Abstract

Zircon U-Pb ages on 50 plutonic samples from super-units in the Lima, Arequipa, and Toquepala segments of the Peruvian Coastal batholith range from 188 to 37 m.y., revealing previously unrecognized Jurassic elements. The Jurassic plutons represent a distinct, time-defined, continental arc separated from the Cretaceous arc by a quiescent period of 50 m.y.

Only 4 of the 50 samples have discordant zircons, and these are all from the Arequipa and Toquepala segments. This regionally limited discordance, interpreted to be due to inherited radiogenic Pb from the Precam-brian basement, suggests that there are fundamental differences in the nature of the crust beneath the Lima and the Arequipa/Toquepala segments.

On a grand scale, magmatism in the Coastal batholith generally evolved through time from mafic to siliceous melts, but zircon U-Pb ages show that the occurrence of small bodies of old siliceous and young mafic rocks was also important. Close age association between all rock types raises the possibility that mantle-derived mafic magmas provided the heat that produced siliceous magmas in either the underplated wedge of the subduction complex or the lower crust throughout the period of batholith emplacement.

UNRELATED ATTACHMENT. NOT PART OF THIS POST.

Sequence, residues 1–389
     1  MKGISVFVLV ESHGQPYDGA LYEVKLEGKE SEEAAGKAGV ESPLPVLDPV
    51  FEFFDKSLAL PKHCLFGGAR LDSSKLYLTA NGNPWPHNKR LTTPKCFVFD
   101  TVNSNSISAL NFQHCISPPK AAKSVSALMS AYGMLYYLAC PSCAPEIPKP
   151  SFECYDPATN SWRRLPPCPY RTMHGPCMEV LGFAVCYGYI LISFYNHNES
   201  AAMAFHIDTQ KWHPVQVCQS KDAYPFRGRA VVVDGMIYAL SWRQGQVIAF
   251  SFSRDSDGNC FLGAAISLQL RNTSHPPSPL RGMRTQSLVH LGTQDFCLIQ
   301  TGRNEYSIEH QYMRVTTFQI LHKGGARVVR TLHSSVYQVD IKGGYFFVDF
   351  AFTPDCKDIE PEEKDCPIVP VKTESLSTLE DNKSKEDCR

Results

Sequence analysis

In general, age results confirm that super-units have short time spans. For the Santa Rosa, Paccho, and Linga “super-units,” however, mapping generalizations were made in the absence of thorough isotopic age and trace-element data. Remapping of these “super-units” with supporting geochemical and geochronological studies will be required before the emplacement history of the batholith is fully understood.

Dated plutons in the “Paccho super-unit” yield ages between 64.0 and 39.0 m.y. They are thus considerably younger than has been previously recognized and cannot belong to one super-unit. Their young ages also verify the eastward migration of the locus of magmatism through time. A migration rate of 1.3 mm/yr, computed for the rocks along latitude 11°08.1′S on the basis of the ∼105-m.y.-old Patap super-unit and a 61-m.y.-old pluton in the “Paccho super-unit,” suggests that the geometry of the Andean subduction zone in Peru was very stable during batholith emplacement.

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